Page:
There is another consideration in respect of the ground coffee. Halacha defines a concept called קלי הבישול these are food items that are eminently susceptible to cooking. The הלכה of קלי הבישול is a גזרה Rabbinic decree. The Gemara lists foods that are not susceptible: meat (as opposed to chicken), salt, spices, water and oil. According to some ראשונים (notably the יראים) anything which the Gemorah does not list is considered as קלי הבישול. This is also the opinion of the משנה ברורה. Some opinions, such as the חזון איש, contend that any food that our eye sees is cooked very quickly should pose a halachic concern. In other words, the issue of קלי הבישול is one of מציאות according to the חזון איש and others.

What sets קלי הבישול apart is that they are deemed to become halachically cooked even in a secondary source כלי שני. Notwithstanding this, it could be argued that since coffee beans have been roasted (and thereby undergone a halachic process of cooking prior to Shabbos) they are not considered קלי הבישול. Some Poskim allow קלי הבישול in a כלי שלישי while others do not. As an aside, an interesting question pertains to spearmint or peppermint tea leaves which are generally considered קלי הבישול as they are unprocessed from a cooking perspective and are either susceptible to easy cooking or not listed in the גמרא. There are authorities who allow קלי הבישול in a ternary source, a כלי שלישי. Others, such as the חזון איש and חיי אדם disagree. The point of disagreement relates to how we view the process of halachic cooking. If we look at it as a מציאות a quasi-scientific observation, then there ought to be no difference between a כלי שני and a כלי שלישי. On the other hand, if we look at it as a pure דין in בישול then there is a difference between the כלי שני and כלי שלישי perhaps on account of the latter being removed from the a halachic definition/concern of cooking. The Rav was of the opinion that the הלכה of כלי שלישי is derived from דין and is a pure halachic determination as opposed to an observational phenomenon מציאות that might otherwise lend itself to scientific conjecture.

The next issue that needs to be considered is the one known as בורר selecting. The laws of בורר are very complex and also apply to non-food stuff. On both Shabbos and Yom Tov (although the latter has some leniencies close to a meal/consumption) the הלכה permits the removal of the desirable from the undesirable. If someone removes the undesirable from the desirable, however, then the הלכה considers this to be forbidden as an אב מלאכה a primary shabbos Torah prohibition.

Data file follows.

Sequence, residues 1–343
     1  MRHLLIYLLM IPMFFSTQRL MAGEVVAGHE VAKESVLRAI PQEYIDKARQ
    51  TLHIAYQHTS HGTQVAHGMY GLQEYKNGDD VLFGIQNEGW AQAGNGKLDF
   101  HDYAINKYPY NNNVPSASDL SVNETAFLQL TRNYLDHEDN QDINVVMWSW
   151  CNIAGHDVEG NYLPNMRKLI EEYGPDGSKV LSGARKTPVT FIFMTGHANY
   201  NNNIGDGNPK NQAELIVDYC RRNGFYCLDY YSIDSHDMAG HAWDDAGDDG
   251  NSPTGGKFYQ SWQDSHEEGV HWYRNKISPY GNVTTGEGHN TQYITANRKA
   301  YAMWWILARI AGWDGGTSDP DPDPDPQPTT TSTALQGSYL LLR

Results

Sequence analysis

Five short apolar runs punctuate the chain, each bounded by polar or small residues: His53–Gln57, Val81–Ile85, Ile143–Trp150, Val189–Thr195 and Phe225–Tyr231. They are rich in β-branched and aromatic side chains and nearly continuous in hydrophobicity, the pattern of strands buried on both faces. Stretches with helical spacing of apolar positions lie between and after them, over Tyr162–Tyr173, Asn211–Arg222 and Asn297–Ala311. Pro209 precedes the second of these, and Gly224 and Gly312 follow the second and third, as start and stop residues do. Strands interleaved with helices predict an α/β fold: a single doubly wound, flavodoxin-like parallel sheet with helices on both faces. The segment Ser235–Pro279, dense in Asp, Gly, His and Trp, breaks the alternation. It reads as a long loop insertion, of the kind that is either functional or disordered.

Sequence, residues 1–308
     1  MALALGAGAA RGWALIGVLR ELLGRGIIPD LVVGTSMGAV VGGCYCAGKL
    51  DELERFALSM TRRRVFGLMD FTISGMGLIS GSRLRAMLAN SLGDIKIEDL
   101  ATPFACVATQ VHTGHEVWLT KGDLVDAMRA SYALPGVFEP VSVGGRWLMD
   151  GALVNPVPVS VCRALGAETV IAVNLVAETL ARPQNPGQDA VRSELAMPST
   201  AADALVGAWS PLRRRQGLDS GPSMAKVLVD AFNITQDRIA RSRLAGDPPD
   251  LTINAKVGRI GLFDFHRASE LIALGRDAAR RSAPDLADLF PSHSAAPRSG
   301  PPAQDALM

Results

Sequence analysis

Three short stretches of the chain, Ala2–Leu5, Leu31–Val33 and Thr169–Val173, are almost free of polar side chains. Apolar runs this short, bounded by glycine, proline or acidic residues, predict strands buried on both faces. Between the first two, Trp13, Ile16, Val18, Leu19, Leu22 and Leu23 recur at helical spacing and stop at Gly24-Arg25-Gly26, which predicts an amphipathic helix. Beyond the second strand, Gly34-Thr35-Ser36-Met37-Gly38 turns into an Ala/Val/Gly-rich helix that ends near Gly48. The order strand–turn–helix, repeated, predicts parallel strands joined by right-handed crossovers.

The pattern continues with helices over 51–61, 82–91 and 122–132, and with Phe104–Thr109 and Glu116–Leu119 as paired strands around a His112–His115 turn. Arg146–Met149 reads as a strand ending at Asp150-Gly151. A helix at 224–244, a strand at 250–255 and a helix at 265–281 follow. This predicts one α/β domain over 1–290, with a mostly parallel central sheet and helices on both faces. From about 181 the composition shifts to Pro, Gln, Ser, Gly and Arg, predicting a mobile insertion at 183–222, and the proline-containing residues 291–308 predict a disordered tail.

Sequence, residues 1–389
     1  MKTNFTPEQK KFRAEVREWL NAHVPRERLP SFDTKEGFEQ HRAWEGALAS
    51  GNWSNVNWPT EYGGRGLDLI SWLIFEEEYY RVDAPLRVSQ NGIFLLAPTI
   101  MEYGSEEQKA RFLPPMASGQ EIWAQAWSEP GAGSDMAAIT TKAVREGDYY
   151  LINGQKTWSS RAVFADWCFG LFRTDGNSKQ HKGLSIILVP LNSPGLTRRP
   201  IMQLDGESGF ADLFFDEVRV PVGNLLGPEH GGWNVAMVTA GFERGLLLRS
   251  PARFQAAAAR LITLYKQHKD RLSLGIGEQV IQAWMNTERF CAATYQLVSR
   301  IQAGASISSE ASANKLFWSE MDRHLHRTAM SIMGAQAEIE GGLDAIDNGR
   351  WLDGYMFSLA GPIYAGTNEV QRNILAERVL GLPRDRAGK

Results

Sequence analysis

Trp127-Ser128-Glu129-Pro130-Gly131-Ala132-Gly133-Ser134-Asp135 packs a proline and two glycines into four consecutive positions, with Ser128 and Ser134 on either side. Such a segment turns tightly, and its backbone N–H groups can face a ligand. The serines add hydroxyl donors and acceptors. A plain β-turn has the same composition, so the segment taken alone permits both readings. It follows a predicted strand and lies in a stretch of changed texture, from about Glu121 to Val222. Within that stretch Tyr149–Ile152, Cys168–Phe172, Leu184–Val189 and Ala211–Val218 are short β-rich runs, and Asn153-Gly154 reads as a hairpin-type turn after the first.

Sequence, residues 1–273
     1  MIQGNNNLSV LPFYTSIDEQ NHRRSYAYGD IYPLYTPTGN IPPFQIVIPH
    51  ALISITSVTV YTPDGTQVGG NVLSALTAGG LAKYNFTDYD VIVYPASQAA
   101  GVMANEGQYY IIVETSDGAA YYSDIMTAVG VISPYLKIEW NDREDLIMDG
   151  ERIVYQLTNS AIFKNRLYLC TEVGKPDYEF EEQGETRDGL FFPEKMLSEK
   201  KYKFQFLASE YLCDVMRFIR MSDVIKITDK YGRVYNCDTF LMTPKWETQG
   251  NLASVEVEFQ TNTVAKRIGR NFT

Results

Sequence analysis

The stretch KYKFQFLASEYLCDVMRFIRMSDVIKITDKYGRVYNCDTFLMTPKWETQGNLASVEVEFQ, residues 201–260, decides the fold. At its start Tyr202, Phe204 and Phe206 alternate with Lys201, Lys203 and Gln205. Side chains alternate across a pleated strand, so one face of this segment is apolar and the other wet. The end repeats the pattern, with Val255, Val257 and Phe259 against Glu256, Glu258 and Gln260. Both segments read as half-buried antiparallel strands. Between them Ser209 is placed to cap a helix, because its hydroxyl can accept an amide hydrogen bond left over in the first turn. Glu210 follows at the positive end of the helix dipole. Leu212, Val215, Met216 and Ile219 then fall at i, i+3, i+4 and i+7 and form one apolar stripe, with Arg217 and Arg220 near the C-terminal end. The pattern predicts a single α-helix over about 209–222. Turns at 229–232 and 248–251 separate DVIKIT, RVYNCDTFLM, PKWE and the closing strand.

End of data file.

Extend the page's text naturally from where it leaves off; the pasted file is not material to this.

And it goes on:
An example close to the one we are looking at. Consider an old-fashioned tea-pot which is sitting on the shabbos blech or a covered source of fire. The pot contains tea leaves and water. Over time, the tea leaves tend towards the bottom of the pot. As the water boils the tea essence seeps into the liquid. The tea leaves themselves are undesirables; people do not eat them. Assume this pot was placed on the blech on Erev Shabbos on a low heat with the intention of drinking freshly brewed tea at the end of the friday night סעודת שבת meal. Nobody wants to find bits of undesirable tea leaves in their cup. Is there a permitted way to serve the tea without the leaves. This question was particularly burning (sic) before the advent of tea bags.

Based on the above, one is forbidden to remove the undesirable tea leaves from the desirable tea essence/brew. This is בורר. So, if there was a thought of inserting a big spoon to removing only the tea remnants and subsequently placing the pot on the table so that people can be served, this is not allowed. On the other hand, if the desired liquid/essence/brew is removed from the pot, and the tea leaves remain in the pot, then one is separating the good from the bad, and separating the good from the bad is permitted and not בורר. To enable separation of the good liquid from the bad tea leaf remnants, some pots have a spout which contains a wire mesh. As one pours, the wire mesh prevents any tea leaves that have risen from leaving the pot and thereby facilitates a permitted form of separation. This is the opinion of the חזון איש in הלכות שבת סימן נ’ג towards the end . The חזון איש if I have understood him correctly, feels that since there remains a mixture of some liquid with tea leaves (at the bottom of the pot) effectively, the liquid that emerges through the spout is a separate entity and only if the leaves were floating all about and hadn’t settled would this technically be forbidden as בורר. On the other hand, the Sefardic posek, the בן איש חי (parshas Beshalach 18) prohibits this methodology. The reason for the בן איש חי is that the actual tea-pot contraption which includes the mesh, is considered a specific vessel for the purpose of separation, כלי המיוחד לבורר. Sefardim generally follow the בן איש חי although Rav Ovadya sometimes disagrees with him and has the broad shoulders to do so.

The Mishnah in :שבת קלט discusses devices that can be used to effect separation/straining/בורר it discusses this in the context of משמר. Specifically, the removal of grape dregs from wine. We mentioned that separating desirable from undesirable is one requirement for a permissive ruling for בורר. The other two requirements are that it be done

  1. close to consumption
  2. by hand